Also, leverage the things that you enjoy and do well. Focusing on these areas enables you to get the most out of your career while differentiating you from others with the same job description.
Look at your performance reviews. What do other people say about you?
In your handouts, I gave you a list of questions to answer that can help you. You’re not going to be able to answer them now, but I encourage you to take the time to go through them later.
Identify your unique identity. What do you want to be known for? You need to express: “I am this.” Take some time to think through this. It usually takes me a couple of hours to distil my client’s essence. Give it time.
Your personal brand is not your job title. Also, if your personal branding statement could be said about almost anyone with your same job title, it needs work. You are not your job title.
The second piece of the puzzle is that it’s not enough to decide only what you want to be known for. Your personal brand must also align with something that prospective employers value. So the next question is: What do they want?
What problem is the company trying to solve? Solving the problem can be about saving time, or building customer relationships. Position yourself to solve a problem.
The question you want to answer for the employer is, “Why should you hire me?” When employers are hiring, they really want to know: “Why should I choose you instead of someone else?” Your personal brand is an important part of answering this question.
Employers hire for their reasons, not yours. There are 12 things employers generally hire employees to do. A colleague, Susan Whitcomb, identified these 12 “Employer Buying Motivators” in her book, Résumé Magic. These are 12 specific needs a company has. These include a company’s need to:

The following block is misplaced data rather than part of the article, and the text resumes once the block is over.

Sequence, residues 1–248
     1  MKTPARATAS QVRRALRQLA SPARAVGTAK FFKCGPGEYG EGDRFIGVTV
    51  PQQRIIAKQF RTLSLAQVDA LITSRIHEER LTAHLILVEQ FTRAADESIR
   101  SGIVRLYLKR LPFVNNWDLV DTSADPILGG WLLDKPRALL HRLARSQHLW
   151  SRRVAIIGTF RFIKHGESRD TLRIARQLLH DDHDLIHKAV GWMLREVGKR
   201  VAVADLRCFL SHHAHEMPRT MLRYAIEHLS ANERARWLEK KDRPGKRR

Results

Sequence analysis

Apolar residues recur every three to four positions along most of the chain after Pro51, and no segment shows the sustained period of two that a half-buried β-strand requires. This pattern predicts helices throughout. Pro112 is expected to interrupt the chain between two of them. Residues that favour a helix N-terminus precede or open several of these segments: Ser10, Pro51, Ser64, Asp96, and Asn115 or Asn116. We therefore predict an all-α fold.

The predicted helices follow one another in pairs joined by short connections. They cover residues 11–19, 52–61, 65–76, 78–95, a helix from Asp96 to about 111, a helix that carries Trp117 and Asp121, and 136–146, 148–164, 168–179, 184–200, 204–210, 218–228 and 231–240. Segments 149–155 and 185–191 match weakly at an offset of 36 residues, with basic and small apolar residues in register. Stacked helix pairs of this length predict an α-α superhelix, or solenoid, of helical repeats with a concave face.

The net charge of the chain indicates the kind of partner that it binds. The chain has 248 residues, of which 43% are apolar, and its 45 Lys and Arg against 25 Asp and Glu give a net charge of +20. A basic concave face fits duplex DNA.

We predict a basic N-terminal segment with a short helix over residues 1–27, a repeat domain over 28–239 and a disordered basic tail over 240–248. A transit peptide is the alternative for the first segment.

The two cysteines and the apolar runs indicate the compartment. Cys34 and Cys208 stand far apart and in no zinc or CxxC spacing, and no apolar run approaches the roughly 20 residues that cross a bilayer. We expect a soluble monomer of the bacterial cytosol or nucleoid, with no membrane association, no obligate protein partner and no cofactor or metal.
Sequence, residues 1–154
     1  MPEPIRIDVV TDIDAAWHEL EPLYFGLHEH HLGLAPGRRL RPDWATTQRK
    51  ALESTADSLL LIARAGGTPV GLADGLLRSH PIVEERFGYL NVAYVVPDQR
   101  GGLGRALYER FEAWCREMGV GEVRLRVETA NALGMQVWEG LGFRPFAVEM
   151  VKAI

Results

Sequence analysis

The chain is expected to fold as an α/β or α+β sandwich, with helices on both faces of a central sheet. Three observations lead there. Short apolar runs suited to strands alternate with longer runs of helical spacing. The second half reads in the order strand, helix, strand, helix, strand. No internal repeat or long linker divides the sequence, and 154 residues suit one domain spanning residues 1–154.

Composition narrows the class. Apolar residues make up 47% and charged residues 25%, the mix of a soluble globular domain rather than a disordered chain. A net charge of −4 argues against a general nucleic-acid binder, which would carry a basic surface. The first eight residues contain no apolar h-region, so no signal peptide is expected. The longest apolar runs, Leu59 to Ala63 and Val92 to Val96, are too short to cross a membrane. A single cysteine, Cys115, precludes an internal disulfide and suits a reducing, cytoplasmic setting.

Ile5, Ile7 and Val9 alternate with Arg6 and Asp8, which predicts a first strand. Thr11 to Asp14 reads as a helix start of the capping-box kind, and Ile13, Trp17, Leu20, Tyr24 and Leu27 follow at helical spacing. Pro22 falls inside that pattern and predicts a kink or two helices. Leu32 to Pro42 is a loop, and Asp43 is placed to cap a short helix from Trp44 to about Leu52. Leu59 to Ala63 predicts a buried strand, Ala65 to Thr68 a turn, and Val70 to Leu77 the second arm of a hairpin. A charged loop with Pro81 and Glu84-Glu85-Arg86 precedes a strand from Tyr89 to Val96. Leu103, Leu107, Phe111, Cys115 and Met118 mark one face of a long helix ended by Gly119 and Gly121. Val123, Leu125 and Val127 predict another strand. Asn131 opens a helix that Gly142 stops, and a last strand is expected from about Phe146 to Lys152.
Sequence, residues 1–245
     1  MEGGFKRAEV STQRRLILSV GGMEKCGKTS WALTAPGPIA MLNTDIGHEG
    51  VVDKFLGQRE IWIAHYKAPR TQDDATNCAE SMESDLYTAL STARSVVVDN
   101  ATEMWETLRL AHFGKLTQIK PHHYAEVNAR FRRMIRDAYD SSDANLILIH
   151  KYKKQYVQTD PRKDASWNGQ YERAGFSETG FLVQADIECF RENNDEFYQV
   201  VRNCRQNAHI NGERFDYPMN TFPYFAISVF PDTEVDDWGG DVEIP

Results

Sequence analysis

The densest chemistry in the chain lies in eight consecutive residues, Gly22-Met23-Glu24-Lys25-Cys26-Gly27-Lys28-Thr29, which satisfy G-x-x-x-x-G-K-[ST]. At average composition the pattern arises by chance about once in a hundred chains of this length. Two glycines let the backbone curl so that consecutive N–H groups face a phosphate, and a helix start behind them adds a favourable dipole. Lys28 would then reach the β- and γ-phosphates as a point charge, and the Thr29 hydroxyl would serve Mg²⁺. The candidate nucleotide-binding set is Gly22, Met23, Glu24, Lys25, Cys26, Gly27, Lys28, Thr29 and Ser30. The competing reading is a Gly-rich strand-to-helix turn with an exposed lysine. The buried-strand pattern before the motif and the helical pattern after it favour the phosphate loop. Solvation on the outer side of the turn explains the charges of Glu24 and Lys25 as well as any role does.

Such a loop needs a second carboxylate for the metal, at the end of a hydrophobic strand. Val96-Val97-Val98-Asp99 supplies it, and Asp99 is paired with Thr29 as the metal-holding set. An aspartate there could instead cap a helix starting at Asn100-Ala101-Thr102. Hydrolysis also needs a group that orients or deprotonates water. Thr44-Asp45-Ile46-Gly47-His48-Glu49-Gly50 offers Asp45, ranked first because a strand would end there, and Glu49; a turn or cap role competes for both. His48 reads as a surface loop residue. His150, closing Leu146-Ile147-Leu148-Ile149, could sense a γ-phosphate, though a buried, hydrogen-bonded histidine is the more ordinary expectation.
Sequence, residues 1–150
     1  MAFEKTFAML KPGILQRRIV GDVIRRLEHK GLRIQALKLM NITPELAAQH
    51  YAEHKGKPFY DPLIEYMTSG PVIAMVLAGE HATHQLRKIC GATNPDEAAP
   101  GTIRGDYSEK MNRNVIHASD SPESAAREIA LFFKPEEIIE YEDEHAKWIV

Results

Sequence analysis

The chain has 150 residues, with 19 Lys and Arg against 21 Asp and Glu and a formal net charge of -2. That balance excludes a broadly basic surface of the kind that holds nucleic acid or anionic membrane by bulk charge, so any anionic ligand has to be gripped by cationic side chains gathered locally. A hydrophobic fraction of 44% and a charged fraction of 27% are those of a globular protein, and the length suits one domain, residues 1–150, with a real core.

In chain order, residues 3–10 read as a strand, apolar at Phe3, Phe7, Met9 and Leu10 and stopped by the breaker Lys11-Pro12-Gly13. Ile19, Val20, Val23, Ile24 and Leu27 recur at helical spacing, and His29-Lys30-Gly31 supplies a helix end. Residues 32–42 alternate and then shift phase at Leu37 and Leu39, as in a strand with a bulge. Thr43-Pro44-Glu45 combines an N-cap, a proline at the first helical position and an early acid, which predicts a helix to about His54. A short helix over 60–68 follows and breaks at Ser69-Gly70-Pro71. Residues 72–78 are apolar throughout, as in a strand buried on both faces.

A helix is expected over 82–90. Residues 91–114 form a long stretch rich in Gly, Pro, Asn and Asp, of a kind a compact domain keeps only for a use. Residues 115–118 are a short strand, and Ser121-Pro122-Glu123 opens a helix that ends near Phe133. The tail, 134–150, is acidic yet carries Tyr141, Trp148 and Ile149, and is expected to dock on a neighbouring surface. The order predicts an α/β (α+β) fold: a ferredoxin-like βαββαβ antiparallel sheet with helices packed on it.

- Make money.
- Save money.
- Save time.
- Make work easier.
- Solve a specific problem.
- Be more competitive.
- Build relationship / an image.
- Expand business.
- Attract new customers.
- Retain existing customers.
How Having a Personal Brand Can Help You Advance In Your Current Job
(Or Find a New One)
When you think about personal branding and job search, there are two things that usually come to mind: Your resume and your LinkedIn profile.
Having an online presence on LinkedIn can be important in your job search. Your LinkedIn profile can present your credentials to prospective employers and hiring managers, increasing your chance of securing an interview. Your profile can help you be found.
Recruiters and hiring managers do searches on LinkedIn. A successful LinkedIn profile gives readers a snapshot of who you are and how you can contribute to their organization. You must understand and be able to articulate and communicate what makes you exceptional and compelling. That’s your personal brand in action.
Recruiters and hiring managers need help knowing what kind of position you’re focused on. It’s harder to find a job when you don’t know what kind of job you want. Conversely, it is easier to find a job if you know what kind of job you want.
Personal branding allows you to establish three things:
- a clear message of who you are,
- the experience you have, and
- how you can be an asset to the employer.
Many jobseekers develop their personal branding when they are looking for a new job. But personal branding can also help you be more effective — and visible — in your current job.